Yidrim based his master’s thesis on the results. You can read the entire document here (PDF), or skip to the questionnaire on page 89 and find out whether, OMG, you have nomophobia. (The Huffington Post item below has a guide for interpreting your results, although it’s not clear how the writer developed it.) A paper based on the research also is in an upcoming issue of the journal Computers in Human Behavior, available here for a price.
So you have a device that, 10 years ago, didn’t exist but now is so ubiquitous people joke about having an addiction. A study comes along to say, hey, maybe we are, in a sense, addicted. And hey, there’s a questionnaire that may help us determine how attached we are.
It’s almost the perfect lifestyle story for TV and the Internet. The headline practically writes itself: “This Scientific Test Will Tell You How Addicted You Are To Your Smartphone.”
And so it has come to pass. NBC’s Today Show devoted a segment to the condition in mid-May that included the hosts bantering about how they can’t live without their mobes. Websites, newspapers and TV stations from Iowa to South Africa covered the paper.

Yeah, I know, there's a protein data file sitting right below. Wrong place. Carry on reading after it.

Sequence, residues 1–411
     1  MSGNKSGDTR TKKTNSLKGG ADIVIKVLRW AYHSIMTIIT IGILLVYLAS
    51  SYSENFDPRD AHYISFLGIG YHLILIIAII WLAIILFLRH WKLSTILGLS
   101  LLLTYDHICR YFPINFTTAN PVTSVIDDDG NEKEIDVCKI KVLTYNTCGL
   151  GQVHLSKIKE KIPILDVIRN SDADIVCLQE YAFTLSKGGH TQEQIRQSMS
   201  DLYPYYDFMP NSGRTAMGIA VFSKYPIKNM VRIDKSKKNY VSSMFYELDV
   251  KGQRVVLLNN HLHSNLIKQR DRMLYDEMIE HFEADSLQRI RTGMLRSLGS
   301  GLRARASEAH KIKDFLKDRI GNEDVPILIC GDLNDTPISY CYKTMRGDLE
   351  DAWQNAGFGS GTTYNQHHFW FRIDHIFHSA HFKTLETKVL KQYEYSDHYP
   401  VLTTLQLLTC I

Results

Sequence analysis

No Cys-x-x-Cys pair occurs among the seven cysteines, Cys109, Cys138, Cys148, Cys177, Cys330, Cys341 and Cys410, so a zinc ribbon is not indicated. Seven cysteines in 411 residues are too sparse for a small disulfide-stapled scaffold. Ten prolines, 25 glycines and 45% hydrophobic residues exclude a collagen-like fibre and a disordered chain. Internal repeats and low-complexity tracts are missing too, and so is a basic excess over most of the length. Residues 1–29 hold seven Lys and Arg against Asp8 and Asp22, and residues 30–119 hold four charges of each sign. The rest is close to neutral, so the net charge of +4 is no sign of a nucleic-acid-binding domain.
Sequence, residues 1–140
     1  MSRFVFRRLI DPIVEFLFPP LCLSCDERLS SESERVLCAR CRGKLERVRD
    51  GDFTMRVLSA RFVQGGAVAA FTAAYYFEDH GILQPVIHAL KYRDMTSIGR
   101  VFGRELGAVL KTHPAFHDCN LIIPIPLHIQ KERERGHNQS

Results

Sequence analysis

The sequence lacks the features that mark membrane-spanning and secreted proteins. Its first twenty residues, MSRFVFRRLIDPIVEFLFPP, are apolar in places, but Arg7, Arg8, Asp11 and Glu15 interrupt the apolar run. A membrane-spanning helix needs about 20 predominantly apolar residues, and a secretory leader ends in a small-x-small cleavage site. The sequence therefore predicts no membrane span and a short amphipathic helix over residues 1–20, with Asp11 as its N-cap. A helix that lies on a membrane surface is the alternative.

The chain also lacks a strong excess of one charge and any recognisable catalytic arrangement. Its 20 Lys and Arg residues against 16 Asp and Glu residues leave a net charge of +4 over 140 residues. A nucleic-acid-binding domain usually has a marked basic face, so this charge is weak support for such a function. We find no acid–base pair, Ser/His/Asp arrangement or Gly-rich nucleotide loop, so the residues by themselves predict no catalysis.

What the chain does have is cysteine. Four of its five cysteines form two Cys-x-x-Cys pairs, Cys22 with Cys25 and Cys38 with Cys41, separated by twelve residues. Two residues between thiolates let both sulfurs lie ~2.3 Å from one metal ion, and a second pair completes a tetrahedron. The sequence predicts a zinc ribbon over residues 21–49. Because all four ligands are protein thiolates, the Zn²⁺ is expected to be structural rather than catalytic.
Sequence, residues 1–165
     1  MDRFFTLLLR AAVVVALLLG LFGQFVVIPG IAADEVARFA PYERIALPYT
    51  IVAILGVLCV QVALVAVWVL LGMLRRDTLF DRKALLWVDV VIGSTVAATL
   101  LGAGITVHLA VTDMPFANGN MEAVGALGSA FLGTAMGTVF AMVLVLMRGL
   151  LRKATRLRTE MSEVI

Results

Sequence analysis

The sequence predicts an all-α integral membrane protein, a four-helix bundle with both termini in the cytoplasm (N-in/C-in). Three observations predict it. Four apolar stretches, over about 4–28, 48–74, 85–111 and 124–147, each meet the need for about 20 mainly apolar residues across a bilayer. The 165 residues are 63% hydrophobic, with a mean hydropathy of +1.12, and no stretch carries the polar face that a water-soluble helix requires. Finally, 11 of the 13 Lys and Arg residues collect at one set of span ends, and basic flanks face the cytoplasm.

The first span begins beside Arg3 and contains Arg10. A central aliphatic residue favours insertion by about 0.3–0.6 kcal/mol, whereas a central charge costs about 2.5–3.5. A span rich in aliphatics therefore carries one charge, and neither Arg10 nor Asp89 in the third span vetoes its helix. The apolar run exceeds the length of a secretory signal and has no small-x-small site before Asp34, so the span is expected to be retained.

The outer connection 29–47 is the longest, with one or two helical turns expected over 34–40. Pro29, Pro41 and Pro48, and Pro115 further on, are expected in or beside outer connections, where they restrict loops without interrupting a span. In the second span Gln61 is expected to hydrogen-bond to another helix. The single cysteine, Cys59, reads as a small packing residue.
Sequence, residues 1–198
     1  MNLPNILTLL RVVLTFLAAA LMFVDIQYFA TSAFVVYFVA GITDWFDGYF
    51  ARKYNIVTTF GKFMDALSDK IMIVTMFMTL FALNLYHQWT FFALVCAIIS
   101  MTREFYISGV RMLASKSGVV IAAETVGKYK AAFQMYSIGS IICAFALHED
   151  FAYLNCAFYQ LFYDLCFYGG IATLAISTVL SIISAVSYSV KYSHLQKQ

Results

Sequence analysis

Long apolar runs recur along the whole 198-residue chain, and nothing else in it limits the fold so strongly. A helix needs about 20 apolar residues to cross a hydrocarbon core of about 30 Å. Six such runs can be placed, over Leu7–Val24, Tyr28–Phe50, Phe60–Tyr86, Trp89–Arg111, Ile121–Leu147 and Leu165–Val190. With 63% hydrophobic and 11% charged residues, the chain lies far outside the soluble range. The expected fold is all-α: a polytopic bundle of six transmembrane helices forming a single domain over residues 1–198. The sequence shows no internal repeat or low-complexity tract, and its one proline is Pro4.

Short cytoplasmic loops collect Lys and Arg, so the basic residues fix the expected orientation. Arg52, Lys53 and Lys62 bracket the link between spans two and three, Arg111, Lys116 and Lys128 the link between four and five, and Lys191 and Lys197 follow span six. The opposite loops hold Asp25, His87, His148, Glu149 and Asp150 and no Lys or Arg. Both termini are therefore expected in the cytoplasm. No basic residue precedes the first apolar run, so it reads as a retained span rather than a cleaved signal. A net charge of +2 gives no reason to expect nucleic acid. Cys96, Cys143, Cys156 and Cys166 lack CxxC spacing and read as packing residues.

Can support groups, 12-step programs and phone junkies demanding medication be far behind?
I’m not making light of the ISU researchers’ work. Their study underlines the impact technology has on our psyches, our relationships and our health.
But as Washington Post technology writer Brian Fung notes, it may be a stretch to call nomophobia an addiction or medical condition. We may feel uncomfortable and out of sorts when we leave our phone behind or its battery dies – we may even feel anxious and nervous – but we aren’t going to die. Such feelings usually are normal. We shouldn’t demand relief or wring our hands every time we encounter them.
Alzheimer’s and proteins
Certainly nomophobia pales next to Alzheimer’s, a truly heartbreaking scourge that robs people of their memories in what should be the most enjoyable period of their lives.